|Authors||Bell JR, Penniston KL, Best SL, Nakada SY|
|Journal||Can J Urol Volume: 24 Issue: 3 Pages: 8827-8831|
|Publish Date||2017 Jun|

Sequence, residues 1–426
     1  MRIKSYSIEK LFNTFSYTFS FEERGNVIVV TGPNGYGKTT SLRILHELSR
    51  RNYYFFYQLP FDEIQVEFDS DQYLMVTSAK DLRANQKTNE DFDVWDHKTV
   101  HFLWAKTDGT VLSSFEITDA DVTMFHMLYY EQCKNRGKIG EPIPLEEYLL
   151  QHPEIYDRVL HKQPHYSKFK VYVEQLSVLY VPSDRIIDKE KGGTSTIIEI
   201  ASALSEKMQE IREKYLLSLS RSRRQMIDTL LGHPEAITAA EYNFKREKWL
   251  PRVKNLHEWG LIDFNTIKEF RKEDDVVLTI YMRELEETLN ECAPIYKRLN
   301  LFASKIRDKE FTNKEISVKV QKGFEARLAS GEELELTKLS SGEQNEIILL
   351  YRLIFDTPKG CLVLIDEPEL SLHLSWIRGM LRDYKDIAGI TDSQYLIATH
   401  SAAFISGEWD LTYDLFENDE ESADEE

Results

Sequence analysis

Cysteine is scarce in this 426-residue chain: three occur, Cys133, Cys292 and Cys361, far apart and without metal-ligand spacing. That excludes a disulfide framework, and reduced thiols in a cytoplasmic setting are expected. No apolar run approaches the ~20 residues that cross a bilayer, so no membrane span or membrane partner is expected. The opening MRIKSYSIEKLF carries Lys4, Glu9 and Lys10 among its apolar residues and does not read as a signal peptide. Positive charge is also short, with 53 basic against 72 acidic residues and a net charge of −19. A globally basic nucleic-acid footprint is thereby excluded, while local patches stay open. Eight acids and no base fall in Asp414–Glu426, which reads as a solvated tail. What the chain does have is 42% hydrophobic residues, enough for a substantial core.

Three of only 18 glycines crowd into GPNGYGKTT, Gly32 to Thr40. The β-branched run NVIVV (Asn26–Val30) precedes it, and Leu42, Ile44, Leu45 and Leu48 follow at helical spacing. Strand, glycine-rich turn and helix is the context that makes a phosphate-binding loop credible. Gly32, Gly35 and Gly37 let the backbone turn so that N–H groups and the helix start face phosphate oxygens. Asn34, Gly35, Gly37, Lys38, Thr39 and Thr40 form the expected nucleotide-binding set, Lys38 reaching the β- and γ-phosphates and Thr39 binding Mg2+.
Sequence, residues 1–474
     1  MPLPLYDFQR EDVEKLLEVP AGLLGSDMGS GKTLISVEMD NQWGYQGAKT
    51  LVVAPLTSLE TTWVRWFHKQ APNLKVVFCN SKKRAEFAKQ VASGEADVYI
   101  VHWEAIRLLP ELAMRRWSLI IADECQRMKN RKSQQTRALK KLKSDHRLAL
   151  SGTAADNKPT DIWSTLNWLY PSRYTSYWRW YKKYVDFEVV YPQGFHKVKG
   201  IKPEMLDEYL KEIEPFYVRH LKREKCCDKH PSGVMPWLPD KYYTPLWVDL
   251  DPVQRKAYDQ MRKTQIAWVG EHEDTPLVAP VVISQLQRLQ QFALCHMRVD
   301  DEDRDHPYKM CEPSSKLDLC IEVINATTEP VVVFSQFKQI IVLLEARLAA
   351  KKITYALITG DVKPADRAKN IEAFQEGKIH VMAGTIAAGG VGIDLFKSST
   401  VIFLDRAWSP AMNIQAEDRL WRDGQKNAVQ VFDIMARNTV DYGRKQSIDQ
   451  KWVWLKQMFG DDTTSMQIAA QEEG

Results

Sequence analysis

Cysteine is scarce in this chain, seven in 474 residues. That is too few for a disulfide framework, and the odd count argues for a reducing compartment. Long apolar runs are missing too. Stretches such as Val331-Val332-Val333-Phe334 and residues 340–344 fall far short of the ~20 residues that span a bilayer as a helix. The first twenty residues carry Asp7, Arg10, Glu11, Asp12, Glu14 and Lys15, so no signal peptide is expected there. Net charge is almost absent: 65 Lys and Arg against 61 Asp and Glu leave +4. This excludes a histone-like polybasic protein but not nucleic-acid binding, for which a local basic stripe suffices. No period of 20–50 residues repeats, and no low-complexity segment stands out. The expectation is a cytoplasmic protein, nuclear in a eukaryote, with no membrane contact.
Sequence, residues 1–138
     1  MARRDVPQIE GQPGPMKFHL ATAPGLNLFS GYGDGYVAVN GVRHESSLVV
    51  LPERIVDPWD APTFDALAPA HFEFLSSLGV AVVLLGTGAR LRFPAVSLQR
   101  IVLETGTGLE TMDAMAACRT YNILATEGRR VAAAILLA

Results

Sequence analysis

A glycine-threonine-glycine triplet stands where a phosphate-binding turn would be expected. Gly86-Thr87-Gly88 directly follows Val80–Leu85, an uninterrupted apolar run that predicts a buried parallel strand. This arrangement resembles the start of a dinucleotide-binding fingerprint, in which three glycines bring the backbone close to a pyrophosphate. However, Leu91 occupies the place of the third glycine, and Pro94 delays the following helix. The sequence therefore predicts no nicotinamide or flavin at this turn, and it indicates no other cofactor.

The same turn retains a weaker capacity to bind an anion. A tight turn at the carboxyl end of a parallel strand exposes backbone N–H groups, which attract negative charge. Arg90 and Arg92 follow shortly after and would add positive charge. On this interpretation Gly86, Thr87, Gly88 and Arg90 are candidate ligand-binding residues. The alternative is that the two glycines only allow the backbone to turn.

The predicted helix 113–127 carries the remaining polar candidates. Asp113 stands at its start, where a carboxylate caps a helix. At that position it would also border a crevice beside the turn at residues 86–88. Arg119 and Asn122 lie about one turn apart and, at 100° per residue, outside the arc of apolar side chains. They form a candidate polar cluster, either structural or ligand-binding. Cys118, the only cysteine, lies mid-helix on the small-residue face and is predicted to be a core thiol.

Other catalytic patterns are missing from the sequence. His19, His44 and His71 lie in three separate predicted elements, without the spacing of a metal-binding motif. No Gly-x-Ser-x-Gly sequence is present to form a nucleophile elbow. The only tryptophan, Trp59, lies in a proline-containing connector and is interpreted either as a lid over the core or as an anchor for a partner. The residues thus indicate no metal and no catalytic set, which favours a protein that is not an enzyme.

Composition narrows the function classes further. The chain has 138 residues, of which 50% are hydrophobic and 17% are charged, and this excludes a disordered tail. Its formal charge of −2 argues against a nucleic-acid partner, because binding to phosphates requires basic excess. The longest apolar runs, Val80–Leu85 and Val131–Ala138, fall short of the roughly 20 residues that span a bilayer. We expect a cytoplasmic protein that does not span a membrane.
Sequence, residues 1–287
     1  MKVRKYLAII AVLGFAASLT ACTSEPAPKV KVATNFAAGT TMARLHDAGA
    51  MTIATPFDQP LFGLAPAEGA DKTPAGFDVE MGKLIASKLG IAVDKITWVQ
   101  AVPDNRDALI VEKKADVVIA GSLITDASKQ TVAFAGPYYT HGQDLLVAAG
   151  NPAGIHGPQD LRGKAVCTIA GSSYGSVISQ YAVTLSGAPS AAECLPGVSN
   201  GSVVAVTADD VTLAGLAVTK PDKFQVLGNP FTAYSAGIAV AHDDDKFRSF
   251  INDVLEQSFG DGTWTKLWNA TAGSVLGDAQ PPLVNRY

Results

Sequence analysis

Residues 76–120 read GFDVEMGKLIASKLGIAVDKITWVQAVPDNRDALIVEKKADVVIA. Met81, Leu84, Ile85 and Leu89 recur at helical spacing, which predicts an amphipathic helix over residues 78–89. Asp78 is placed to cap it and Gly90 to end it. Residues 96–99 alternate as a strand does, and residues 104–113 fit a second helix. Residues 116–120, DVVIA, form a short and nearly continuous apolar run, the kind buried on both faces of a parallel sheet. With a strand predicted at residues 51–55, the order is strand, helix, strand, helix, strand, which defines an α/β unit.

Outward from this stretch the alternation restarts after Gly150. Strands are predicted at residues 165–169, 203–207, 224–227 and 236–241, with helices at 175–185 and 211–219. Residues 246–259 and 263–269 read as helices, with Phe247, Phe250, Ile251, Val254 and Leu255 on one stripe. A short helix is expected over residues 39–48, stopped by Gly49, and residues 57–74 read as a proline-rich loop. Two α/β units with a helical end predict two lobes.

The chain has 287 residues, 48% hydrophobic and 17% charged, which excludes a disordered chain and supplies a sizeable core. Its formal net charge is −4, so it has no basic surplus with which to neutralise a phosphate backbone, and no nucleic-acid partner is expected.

Several recent trials have reported limited benefit for medical expulsive therapy (MET) in terms of stone passage rates, analgesic requirements, or need for intervention. We evaluated patient attitudes regarding MET after explaining these new findings.Over a 12 week period, an investigator-designed survey was offered to sequential patients during routine appointments in our urologic clinic. A brief summary of the conflicting data for MET was provided. Patients then answered questions about their attitudes toward using MET.Patients (n = 200; 103 M, 97 F) were 56 ± 14 years old (range 20-103 years) and were mostly being seen for management of kidney stones (88%). Forty-nine percent reported they would try tamsulosin despite the new data; 26% said they would not, and 25% were unsure. Of patients indicating they would take tamsulosin, 35% stated they would also be willing to take steroids. Thirty-five percent of patients said they were willing to pay the full price of tamsulosin if needed. Seventy-one percent said they would prefer to try medical therapy prior to pursuing surgical therapy, again, despite new evidence regarding the efficacy of MET.In this initial report of patient attitudes about MET after SUSPEND trial results, we found that nearly half of patients would still try MET and that the vast majority of patients prioritize medical over surgical therapy when possible. As new research emerges, ways to translate this information to patients and to assess their attitudes and perceptions should be developed.